Wednesday, December 17, 2008

Spirit of the Law: Chanukah #13

(Kitzur Shulchan Aruch 139:13) “We hold that the mitzvah is fulfilled by lighting the menorah (and not by merely putting it in place). The candles must be in their place before we light.”
The Mekor Chaim, zt”l, explains that we learn from the verse, "אֵין צַדִּיק בָּאָרֶץ אֲשֶׁר יַעֲשֶׂה טּוֹב וְלֹא יֶחֱטָא", that there is no truly righteous person who does only good and never bad. The inner dimension of the halachah brought above really concerns how one merits the kind of teshuvah that can transform this bad to good. There are two facets to teshuvah. The first is distancing oneself from evil—“sur mei’ra.” The second is the further good that teshuvah inspires—“asei tov.” The Rambam explains that the ultimate proof that a person has completely turned away from his former evil is to undergo the same temptation, in the same place, without falling again. However, even such a sincere teshuvah does not actually transform the sin into a good deed. In order to do that, the sin has to arouse the sinner to do a lot of good. In that case, since the sin is responsible for such a significant change in the sinner, the bad is changed into good.
This is the inner meaning of the statement that “the lighting is the mitzvah.” This means that merely placing the menorah in position (being in the same place but not falling into the same temptation) is not enough. It is the lighting that is the mitzzvah. This refers to one’s Torah study which is compared to fire, and the mitzvos one does which are also compared to fire.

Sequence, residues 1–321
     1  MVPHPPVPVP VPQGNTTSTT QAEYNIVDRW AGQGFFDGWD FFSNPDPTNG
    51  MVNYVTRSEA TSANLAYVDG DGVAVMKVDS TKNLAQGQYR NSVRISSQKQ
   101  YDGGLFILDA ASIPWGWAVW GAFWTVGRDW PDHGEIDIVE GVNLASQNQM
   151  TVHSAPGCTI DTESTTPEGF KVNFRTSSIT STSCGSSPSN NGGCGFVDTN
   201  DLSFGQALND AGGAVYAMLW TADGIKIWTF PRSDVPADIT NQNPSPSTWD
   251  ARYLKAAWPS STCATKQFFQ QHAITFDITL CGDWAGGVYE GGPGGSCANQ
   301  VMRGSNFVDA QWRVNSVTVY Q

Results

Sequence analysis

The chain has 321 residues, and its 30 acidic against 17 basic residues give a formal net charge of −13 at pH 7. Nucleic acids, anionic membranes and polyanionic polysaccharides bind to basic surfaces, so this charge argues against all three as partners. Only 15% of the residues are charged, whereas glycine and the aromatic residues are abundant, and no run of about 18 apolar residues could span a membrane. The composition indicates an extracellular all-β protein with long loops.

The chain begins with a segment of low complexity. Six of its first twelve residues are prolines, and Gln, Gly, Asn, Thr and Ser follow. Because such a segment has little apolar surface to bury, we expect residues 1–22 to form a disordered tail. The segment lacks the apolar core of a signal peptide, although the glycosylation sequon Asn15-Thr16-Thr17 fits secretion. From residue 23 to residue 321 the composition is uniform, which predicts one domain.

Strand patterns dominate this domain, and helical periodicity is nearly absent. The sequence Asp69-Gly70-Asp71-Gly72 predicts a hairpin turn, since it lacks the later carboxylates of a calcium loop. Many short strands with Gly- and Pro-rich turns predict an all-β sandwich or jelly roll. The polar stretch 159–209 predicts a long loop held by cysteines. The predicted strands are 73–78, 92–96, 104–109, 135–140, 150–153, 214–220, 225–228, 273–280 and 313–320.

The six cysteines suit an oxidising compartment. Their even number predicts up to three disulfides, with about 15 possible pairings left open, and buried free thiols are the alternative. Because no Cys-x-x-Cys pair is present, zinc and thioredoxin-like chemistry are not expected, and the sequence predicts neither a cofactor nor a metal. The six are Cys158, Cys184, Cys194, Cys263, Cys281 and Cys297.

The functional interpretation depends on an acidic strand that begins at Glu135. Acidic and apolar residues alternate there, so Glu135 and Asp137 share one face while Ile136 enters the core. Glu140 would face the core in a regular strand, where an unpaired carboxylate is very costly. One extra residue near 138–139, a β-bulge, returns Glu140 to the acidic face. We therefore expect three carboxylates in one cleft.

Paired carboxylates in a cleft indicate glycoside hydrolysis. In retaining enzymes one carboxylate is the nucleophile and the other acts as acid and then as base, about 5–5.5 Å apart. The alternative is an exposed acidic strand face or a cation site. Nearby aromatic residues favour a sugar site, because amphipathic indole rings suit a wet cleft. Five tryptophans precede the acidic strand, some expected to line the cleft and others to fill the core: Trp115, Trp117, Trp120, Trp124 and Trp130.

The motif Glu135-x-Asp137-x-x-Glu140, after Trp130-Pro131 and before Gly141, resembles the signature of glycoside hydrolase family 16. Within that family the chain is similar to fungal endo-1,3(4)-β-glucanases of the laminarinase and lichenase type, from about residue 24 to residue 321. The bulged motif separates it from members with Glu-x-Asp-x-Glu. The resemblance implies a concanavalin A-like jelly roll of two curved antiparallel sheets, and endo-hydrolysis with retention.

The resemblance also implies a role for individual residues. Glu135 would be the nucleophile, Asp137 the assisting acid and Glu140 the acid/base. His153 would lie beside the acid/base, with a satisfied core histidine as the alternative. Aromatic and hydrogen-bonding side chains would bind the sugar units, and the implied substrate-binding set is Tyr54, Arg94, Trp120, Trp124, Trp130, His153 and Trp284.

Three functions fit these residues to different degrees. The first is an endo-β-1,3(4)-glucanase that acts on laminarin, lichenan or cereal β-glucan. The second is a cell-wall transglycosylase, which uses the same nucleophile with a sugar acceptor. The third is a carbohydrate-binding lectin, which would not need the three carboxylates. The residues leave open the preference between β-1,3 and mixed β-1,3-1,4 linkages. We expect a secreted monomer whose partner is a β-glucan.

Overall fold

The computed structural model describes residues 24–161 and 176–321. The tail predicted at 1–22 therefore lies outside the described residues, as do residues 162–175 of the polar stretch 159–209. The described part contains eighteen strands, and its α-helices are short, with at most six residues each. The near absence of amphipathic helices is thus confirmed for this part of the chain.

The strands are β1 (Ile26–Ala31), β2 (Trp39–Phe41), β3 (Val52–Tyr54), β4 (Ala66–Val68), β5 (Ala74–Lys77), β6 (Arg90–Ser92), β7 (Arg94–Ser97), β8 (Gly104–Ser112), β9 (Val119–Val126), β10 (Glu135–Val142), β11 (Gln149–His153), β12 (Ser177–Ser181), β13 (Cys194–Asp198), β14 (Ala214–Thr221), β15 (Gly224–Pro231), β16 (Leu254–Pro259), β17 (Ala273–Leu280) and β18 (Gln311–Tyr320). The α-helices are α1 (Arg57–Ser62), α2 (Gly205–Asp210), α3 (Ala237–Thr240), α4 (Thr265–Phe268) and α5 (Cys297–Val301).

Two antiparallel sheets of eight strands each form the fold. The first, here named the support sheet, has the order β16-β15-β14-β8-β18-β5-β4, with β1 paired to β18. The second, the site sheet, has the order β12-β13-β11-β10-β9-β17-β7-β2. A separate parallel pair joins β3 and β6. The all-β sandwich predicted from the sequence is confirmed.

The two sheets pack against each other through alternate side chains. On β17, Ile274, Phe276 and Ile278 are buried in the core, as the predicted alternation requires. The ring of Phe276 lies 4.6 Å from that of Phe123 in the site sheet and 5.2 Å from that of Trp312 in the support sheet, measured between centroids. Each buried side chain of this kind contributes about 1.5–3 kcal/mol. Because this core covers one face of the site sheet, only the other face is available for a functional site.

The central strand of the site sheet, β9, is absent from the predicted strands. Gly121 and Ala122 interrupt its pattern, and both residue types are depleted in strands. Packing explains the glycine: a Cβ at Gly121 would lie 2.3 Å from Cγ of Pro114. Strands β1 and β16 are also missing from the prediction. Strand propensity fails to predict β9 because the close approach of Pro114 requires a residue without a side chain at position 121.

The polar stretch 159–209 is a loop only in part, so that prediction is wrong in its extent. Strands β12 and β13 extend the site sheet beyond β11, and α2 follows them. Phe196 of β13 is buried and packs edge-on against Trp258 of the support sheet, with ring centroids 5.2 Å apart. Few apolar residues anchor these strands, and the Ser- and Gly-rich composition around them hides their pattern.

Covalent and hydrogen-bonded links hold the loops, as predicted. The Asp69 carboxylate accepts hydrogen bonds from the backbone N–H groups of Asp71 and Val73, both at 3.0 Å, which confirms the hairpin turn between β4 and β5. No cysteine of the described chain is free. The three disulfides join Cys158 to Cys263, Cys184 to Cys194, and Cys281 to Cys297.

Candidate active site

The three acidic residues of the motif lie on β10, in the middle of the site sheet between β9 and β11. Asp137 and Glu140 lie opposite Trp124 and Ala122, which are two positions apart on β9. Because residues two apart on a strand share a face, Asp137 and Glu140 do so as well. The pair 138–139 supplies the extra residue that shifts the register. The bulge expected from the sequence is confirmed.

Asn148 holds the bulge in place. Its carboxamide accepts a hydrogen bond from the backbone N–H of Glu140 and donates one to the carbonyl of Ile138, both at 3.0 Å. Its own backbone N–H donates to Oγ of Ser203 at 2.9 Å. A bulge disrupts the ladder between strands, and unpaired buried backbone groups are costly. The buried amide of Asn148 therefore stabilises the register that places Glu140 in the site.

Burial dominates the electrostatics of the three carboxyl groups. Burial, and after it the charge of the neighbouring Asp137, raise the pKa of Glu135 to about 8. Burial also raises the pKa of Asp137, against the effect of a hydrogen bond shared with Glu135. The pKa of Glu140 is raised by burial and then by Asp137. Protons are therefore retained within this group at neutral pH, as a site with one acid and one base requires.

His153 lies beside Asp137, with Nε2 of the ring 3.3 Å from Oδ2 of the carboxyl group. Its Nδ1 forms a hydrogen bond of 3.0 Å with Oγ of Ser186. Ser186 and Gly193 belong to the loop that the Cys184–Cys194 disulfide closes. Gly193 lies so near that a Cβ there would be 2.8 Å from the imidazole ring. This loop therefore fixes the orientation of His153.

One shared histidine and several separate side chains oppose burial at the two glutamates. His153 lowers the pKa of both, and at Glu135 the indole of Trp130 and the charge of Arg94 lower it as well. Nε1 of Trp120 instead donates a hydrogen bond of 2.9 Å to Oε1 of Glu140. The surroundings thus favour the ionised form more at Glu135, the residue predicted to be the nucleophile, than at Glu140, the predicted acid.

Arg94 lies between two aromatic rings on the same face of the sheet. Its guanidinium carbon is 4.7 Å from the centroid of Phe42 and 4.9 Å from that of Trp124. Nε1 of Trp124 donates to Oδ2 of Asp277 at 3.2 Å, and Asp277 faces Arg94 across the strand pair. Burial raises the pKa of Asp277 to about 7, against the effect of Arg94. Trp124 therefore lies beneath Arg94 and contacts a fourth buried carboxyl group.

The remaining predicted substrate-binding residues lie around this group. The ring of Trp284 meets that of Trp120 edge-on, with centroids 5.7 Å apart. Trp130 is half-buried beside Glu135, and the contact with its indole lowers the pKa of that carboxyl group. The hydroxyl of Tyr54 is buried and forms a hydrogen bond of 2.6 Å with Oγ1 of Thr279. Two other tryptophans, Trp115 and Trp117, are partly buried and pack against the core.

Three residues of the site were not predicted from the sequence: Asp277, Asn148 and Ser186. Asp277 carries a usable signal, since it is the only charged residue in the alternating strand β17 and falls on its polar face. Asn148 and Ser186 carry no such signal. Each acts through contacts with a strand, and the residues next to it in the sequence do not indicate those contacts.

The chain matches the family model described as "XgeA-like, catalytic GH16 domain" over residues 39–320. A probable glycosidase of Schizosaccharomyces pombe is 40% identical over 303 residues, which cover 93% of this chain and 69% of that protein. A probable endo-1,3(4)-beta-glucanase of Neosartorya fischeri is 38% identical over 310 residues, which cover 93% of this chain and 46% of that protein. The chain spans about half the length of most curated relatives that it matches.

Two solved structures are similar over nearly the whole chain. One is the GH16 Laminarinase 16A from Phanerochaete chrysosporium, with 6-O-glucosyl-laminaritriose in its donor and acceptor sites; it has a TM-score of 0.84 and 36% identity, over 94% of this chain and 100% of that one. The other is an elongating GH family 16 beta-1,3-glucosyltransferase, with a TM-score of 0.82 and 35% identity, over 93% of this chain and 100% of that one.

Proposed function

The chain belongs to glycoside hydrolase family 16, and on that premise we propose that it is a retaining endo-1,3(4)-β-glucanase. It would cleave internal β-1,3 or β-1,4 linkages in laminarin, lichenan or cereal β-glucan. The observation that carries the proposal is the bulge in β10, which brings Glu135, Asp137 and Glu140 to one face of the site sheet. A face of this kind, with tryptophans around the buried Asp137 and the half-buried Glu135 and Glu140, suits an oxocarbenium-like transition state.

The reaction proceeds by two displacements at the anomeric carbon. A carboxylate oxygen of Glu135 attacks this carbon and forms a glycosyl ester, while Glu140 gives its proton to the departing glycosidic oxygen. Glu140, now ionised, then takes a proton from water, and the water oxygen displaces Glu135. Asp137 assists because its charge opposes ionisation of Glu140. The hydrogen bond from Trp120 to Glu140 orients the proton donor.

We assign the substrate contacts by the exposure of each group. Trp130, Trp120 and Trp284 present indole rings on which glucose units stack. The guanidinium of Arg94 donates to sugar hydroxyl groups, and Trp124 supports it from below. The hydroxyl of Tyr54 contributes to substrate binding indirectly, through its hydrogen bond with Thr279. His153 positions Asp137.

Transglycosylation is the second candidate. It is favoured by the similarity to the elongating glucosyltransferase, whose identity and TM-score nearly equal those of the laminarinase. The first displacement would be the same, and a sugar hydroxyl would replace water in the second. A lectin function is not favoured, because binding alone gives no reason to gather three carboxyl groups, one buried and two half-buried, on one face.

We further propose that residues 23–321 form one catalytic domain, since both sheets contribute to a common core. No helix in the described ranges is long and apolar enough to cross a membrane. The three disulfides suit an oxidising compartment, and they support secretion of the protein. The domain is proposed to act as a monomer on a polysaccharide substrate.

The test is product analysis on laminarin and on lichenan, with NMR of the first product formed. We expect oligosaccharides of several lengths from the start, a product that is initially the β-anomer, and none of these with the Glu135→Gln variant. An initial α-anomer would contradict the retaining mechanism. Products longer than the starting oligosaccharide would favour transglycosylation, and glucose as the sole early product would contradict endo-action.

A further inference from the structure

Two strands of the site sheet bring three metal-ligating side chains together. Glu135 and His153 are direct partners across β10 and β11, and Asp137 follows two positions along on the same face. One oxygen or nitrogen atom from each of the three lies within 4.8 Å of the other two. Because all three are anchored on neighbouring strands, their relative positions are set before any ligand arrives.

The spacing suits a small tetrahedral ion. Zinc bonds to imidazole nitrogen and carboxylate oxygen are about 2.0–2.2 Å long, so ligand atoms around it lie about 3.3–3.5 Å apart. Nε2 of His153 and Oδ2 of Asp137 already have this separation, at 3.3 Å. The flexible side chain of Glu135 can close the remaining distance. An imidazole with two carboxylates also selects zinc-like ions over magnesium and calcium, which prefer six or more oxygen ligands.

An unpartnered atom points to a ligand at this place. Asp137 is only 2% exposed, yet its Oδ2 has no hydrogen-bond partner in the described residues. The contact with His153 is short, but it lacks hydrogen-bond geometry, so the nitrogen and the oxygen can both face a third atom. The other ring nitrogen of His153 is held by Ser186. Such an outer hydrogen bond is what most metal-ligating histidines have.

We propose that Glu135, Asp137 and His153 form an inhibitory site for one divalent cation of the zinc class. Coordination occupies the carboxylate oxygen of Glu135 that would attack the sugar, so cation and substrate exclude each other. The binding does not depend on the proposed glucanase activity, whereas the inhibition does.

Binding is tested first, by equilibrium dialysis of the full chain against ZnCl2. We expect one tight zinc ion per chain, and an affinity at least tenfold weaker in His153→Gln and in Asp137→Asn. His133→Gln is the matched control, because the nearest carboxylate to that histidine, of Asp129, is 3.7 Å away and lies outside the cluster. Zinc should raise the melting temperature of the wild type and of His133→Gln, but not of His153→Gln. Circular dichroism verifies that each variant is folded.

The main element of teshuvah is how much it galvanizes us to do good deeds and learn Torah. Of course, one who does good merely to placate his guilty conscience is not doing this for Hashem and is not rectifying the sin, since he is actually ignoring it. We must know where we are holding and truly repent the bad we have done so that it becomes reprehensible to us—that way, we won’t repeat it. On the other hand, one must not spend time sulking about a former sin. Reb Nosson of Breslov, zt”l, taught that any truth which distances us from Hashem should be cast away since it leads us to the biggest lie of all: despair. Rebbe Nachman taught that “there is no despair at all.” Our teshuvah should just help us approach the real truth—that Hashem waits expectantly for us to return to Him, and appreciates all of the good that we do.

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